Suddenly, from beyond the trees there came a rustling of grass, and Desdamona's ears pricked up. She stopped playing and sat up straighter, trying to see who had found her hideout. She hoped it wasn't any of her family, she didn't want them to hear her play yet, not until she was better at it.
Desdamona's curiosity was satisfied as the silhouette of another Draik approached, and as she came out of the shadows, the little Draik gasped; this newcomer was eventide, just like her.
Putting her flute down, Desdamona picked up her board and wrote, Who are you?
The older Draik chuckled and said, "I was just going to ask you the same thing. My name is Sofia, I was just passing by when I heard a flute playing, was that you?"
Desdamona nodded, Yes, my name's Desdamona, I don't have a voice, so the water faerie gave me this flute, I'm practising so I can perform with the other eventides at the Draik Day Festival. She held her breath and waited to see what would happen; would Sofia laugh at her? Tell her she was wasting her time? Would she say she couldn't perform with them unless she could sing?
Sofia studied her for a moment, and unreadable expression on her face. Finally she said, "No voice, that must be terrible."
Desdamona nodded rather sadly. It's not easy, she conceded.
Suddenly Sofia said, "Would you play something for me?"
Desdamona blinked, surprised, then shook her head nervously, I'm not good enough yet, she wrote.
Sofia shrugged. "Sure you are, you sounded great to me. Please? I'd love to hear it, maybe I could practise my singing too. I think I know that second one you were playing, why don't we give it a go?"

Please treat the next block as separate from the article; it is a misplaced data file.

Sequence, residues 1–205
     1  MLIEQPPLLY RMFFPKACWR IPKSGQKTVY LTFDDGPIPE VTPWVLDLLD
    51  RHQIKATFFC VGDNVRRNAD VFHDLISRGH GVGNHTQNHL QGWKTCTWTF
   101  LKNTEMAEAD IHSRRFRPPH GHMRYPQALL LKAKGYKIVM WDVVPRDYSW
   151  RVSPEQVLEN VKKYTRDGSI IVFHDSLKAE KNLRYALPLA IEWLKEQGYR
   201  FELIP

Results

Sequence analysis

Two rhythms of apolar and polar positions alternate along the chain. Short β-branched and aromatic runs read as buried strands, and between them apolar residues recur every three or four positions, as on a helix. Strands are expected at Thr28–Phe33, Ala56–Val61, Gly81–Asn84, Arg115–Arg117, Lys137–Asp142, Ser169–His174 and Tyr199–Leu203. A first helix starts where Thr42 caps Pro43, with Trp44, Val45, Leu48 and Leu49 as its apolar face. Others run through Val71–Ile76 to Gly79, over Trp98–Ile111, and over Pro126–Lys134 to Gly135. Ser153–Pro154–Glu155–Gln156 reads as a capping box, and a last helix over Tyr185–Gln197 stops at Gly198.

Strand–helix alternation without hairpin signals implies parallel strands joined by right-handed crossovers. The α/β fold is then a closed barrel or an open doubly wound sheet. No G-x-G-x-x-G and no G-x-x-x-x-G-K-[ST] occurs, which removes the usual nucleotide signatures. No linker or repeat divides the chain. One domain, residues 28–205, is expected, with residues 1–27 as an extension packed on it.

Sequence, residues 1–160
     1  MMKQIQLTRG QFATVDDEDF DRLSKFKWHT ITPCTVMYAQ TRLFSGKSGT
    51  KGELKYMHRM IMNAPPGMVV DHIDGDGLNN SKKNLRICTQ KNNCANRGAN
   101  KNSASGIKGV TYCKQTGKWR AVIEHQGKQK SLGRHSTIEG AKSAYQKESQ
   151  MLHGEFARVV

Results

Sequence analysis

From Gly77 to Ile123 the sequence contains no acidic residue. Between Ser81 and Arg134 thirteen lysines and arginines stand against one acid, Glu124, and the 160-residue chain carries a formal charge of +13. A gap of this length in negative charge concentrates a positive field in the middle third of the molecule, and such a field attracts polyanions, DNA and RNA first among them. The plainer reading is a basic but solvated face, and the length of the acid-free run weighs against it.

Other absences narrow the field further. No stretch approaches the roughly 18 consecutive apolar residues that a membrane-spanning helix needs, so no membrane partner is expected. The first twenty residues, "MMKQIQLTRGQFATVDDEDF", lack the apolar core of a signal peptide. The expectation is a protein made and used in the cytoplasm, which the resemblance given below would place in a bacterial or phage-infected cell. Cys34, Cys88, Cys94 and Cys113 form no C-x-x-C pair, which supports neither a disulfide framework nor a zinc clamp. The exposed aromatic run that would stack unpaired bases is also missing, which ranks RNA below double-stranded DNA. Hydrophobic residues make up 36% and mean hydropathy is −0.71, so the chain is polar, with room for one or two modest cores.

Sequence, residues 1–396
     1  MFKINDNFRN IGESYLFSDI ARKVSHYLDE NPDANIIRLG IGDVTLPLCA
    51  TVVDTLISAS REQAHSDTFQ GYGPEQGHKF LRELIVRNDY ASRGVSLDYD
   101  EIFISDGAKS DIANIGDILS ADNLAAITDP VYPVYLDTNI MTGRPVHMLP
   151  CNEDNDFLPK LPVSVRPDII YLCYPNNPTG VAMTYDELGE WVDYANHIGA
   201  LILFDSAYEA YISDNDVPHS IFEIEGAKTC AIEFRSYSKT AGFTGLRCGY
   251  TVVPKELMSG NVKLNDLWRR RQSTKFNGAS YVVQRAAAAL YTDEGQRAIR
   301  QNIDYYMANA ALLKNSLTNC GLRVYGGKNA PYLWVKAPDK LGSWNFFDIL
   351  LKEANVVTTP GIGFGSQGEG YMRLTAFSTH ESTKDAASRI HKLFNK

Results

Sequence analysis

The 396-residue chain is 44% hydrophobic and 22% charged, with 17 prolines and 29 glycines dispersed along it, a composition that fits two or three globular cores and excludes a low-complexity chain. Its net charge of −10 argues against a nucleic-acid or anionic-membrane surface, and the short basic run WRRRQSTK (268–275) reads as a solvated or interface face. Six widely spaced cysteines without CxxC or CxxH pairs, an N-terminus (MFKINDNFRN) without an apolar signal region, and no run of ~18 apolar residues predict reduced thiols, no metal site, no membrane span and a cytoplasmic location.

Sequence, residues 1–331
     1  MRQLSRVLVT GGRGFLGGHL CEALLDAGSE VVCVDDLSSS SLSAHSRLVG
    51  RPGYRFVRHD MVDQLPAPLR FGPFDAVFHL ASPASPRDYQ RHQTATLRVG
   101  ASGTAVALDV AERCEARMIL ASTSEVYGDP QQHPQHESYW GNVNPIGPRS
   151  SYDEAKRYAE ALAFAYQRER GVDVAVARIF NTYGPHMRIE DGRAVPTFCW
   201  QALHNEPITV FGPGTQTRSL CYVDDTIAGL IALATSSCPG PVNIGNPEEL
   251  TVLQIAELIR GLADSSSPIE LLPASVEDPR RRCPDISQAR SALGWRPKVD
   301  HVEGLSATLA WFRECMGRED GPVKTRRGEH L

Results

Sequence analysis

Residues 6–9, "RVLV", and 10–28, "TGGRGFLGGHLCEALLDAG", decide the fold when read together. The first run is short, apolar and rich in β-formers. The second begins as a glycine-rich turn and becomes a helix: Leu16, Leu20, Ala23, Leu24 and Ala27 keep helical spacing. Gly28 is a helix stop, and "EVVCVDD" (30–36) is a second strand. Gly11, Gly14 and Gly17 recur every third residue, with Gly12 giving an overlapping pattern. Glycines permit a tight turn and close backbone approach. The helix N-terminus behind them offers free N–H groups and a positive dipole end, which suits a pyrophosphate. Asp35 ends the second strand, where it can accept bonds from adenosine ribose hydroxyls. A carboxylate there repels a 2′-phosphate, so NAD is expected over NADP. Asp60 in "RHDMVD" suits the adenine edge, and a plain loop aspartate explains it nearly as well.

Desdamona stared, Really? She wrote, her hand trembled, making her letters wobble, You really want to sing with me?
Sofia smiled. "Yes, is that such a surprise?"
Desdamona fiddled with her chalk and stared at her tail, trying to decide how to reply, eventually she scrawled, Well, most people when they find out I have no voice, they avoid me, it's like they're afraid of me or something, even grownups.
Sofia sighed. "It isn't fair is it? You didn't choose to be born this way, but you have no choice, and people reject you because of it. It's too bad most people never have to know how it feels to be different, if they did, maybe they wouldn't be so cruel to those who are, maybe they'd see that it's really not as easy as they seem to think it is. But don't worry," she smiled, "I'm not like everyone else, I don't care if you never say a word, because it's the song on the inside that counts."
Desdamona smiled. That's just what my father said! she wrote excitedly.
Sofia nodded. "And he's right, never let anyone tell you you can't do something, because only you know for sure. So how about it, want to try that song?"
Desdamona grinned and nodded. Okay. She picked up her flute and tentatively tried the first few notes. Sofia followed along perfectly; she had a voice like an angel. Desdamona stared and forgot to keep playing.
Sofia stopped. "What's wrong?" she asked.
Desdamona shook her head and cleared her thoughts. Nothing, you just sing beautifully, that's all.
Sofia smiled, "Well thank you," she said, "So do you."
Desdamona beamed; it was the first time anyone had ever said anything like that to her; it felt wonderful.
Slowly Sofia sat down beside her and looked out at the setting sun. "It's beautiful, isn't it?" She sighed.
Desdamona nodded; it was. She brought her flute to her lips and blew again, the notes carrying across the endless plain toward that setting sun, and for a moment, she almost thought she could keep it hanging there, listening to her forever.
Sofia joined in softly, her voice intertwining with the flute's melody; it was like nothing Desdamona had ever experienced before. The song ended and she stared at Sofia, tears shining in her eyes.
Sofia regarded her uncertainly, "What's wrong?" she asked, resting a hand on her shoulder. "Why are you crying?"
Desdamona shook her head and wiped her eyes. I'm fine, she wrote, it's just... I've never really felt... part of anything like that before. Her words came slowly and manoeuvring the chalk across the board felt like chiselling stone; she didn't know how to express the joy she felt, she wasn't sure it was possible.
To be continued...